As the new year approaches, we’re looking ahead with eager anticipation to 2013, to continuing to build our rose programs as well as experiencing another European adventure – this time to Italy. Since I’m a great list maker, I’ve long since started my Great List for 2013. And as I list away, I enjoy reminiscing about what we’ve done and where we’ve been in 2012.
#1 – Visit More Rose Gardens
When you travel, you never know where you’ll find roses. When we were in Paris last May, they were everywhere. We found small intimate rose gardens tucked away in small parks, in old churchyards, behind Notre Dame Cathedral, (not to mention the Rose Window in Notre Dame) at Giverney in Monet’s garden, and a real beauty at Rodin’s Museum.
Not everything goes according to plan. When we visited La Roseraie de l’Hay outside of Paris, we were pleased to find what we’ll remember as one of the best rose gardens we have ever visited. But when we went to Kew Gardens outside of London two years ago, we found that the rose garden had recently been renovated. There was nothing to see except newly planted roses that had a terrible infestation of aphids. Luckily that train trip wasn’t a loss because we were able to enjoy the rest of Kew Gardens as well as a quiet lunch in a quaint café near the train station.
#2 – Plant New Roses
We’re always on the look out for new, disease-resistant varieties which means the more places we visit and the more we read, the more varieties we add to our “wish” list. We saw ‘Leonardo de Vinci’ in Montreal and a huge mass planting of ‘Rodin’ (the rose) at the Rodin Museum. We read about the disease resistant Fairy Tale roses from Kordes and may try a few. We’re thinking about ‘Cinderella’, a floribunda that’s light pink and looks like an Austin rose with cupped blooms and ‘Brothers Grimm’ that has an orange yellow bloom with lots of petals. From our David Austin Program we saw photographs of ‘Lichfield Angel’ and ‘Fighting Temeraire’ and know we’ll have to plant them in 2013. And then there’s the new Meilland hybrid tea ‘Francis Meilland’ which is reported to be very disease resistant. We plan to find out when we test it here in New England next summer.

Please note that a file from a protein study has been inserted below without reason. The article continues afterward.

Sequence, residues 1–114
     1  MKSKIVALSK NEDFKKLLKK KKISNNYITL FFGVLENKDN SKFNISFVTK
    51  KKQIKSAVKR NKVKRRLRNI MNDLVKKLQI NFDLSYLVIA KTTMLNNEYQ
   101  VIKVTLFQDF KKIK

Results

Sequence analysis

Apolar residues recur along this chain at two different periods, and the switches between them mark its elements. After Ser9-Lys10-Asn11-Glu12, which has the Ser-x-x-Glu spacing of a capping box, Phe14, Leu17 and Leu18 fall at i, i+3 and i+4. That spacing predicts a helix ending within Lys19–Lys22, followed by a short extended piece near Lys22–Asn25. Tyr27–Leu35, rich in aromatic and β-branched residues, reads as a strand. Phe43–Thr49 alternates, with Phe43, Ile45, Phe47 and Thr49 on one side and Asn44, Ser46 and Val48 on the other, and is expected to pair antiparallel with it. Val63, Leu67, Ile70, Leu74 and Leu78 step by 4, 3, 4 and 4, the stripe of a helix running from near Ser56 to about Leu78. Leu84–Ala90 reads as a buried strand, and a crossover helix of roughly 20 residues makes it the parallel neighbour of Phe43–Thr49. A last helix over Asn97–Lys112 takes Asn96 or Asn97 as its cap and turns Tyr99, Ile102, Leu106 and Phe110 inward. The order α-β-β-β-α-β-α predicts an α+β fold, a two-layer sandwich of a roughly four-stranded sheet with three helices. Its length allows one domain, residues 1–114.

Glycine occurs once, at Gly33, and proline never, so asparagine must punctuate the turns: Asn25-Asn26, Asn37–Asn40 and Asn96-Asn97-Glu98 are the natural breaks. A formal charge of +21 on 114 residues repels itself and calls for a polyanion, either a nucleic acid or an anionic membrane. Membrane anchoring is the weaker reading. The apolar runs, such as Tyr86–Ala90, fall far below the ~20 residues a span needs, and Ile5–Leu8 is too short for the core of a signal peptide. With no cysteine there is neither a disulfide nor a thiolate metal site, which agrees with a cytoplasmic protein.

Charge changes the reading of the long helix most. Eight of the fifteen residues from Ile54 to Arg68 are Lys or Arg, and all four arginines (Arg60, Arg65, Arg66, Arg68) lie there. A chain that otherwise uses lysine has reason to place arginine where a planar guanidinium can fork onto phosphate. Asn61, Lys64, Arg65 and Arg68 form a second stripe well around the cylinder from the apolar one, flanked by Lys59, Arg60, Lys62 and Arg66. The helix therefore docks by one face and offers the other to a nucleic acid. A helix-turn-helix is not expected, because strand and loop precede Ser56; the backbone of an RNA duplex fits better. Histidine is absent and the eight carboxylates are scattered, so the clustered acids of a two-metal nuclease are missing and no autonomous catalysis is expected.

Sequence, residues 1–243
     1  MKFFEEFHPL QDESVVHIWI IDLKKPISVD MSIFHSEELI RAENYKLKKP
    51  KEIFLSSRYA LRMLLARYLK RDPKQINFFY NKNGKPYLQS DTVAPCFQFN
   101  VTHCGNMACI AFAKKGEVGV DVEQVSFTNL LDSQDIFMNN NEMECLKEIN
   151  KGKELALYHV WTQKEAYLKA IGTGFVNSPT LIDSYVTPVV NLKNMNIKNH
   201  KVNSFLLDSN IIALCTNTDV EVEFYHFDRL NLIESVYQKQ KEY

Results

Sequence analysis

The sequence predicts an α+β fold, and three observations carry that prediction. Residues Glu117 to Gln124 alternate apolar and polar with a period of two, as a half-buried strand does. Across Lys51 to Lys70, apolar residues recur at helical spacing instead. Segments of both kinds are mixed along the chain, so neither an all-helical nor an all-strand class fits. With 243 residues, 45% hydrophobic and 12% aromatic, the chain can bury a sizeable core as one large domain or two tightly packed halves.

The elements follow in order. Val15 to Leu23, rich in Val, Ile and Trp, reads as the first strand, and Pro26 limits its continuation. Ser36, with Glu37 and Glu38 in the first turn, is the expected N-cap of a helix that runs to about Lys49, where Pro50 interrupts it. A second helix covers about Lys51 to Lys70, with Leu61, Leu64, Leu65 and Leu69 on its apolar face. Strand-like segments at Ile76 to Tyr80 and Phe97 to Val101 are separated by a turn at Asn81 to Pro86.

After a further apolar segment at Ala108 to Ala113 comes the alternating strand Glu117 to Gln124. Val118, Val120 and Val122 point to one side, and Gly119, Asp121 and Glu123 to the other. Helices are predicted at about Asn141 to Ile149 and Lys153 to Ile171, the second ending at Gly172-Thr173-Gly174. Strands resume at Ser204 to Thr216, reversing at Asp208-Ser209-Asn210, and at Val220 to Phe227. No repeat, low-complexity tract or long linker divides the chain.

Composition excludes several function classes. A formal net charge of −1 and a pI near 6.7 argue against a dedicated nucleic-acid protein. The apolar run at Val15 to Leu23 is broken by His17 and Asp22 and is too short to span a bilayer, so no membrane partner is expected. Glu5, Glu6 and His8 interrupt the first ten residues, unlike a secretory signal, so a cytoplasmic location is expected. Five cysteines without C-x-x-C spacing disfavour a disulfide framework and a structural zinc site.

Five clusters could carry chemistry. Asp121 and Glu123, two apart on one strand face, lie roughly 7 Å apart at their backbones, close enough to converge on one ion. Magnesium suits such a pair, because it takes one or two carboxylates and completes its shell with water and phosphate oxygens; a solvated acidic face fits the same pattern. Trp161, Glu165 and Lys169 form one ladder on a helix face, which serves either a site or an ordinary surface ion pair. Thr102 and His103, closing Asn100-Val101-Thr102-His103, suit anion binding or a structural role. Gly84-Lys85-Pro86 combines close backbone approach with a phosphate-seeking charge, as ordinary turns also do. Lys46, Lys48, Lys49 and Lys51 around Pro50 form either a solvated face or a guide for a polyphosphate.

#3 – Spend More Time Enjoying Our Rose Gardens
Sometimes we’re so busy working in the garden that we don’t take the time to enjoy it. Kind of like “don’t see the roses for the trees” syndrome. When we plan a special “Open Garden” event or invite friends over for a mid-summer glass of wine, then we have the chance to really “see” the beauty of the garden. Occasionally, on a warm pleasant summer evening, we walk through the garden before dinner and that’s when we’ll see the amazing little things we missed during the day. We’ll catch a spray of swollen buds cracking color about ready to burst into bloom or a rose that hit perfection 10 minutes before and is ready to be photographed. Or we just sit on the bench in front of the rose garden and enjoy the moment.
#4 – Travel to New Places
New places provide fresh opportunities and new adventures. We’re on the lookout for gardens, garden centers, restaurants, museums, and historical places just waiting to be explored. This year we’re going to Italy. Besides the museums and piazzas and the food, we’ll be looking for rose gardens, especially the little gems that we know are hiding in small parks, church yards, cemeteries and who-knows-where.
Mike and I wish you a happy and healthy New Year and encourage you to create a year full of memories that will last a lifetime.